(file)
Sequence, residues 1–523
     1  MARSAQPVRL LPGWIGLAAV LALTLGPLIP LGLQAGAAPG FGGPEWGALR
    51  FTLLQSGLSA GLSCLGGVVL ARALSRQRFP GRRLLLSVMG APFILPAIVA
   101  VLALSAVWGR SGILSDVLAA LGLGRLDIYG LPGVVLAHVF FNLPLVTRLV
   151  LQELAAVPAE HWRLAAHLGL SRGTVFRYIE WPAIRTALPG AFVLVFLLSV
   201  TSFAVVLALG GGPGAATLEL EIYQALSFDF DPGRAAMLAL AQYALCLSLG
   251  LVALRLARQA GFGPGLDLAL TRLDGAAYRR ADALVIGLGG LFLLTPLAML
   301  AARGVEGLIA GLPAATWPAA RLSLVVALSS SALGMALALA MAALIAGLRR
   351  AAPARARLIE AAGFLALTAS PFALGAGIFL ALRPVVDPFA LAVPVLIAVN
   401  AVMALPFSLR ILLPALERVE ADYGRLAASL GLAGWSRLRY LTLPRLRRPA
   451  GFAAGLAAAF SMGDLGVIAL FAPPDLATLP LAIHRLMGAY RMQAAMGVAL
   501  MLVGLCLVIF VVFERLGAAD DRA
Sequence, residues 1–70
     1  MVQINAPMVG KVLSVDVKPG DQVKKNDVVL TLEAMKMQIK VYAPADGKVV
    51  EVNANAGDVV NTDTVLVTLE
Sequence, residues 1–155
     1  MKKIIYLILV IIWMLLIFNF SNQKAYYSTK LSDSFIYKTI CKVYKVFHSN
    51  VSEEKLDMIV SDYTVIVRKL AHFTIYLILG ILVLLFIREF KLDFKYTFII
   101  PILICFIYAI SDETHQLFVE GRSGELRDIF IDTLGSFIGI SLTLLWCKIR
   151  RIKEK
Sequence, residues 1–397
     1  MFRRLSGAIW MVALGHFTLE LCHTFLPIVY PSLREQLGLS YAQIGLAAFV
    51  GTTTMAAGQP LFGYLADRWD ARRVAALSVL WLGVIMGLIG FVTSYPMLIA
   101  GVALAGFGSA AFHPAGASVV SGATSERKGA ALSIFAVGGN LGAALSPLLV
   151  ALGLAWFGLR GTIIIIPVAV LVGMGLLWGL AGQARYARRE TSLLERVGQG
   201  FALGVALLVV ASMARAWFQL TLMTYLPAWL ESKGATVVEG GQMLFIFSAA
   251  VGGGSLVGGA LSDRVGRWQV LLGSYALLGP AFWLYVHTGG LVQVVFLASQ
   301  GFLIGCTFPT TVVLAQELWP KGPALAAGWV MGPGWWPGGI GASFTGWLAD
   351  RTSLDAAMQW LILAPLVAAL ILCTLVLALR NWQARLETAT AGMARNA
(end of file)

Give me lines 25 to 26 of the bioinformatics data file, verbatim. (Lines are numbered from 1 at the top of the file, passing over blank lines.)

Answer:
   151  ALGLAWFGLR GTIIIIPVAV LVGMGLLWGL AGQARYARRE TSLLERVGQG
   201  FALGVALLVV ASMARAWFQL TLMTYLPAWL ESKGATVVEG GQMLFIFSAA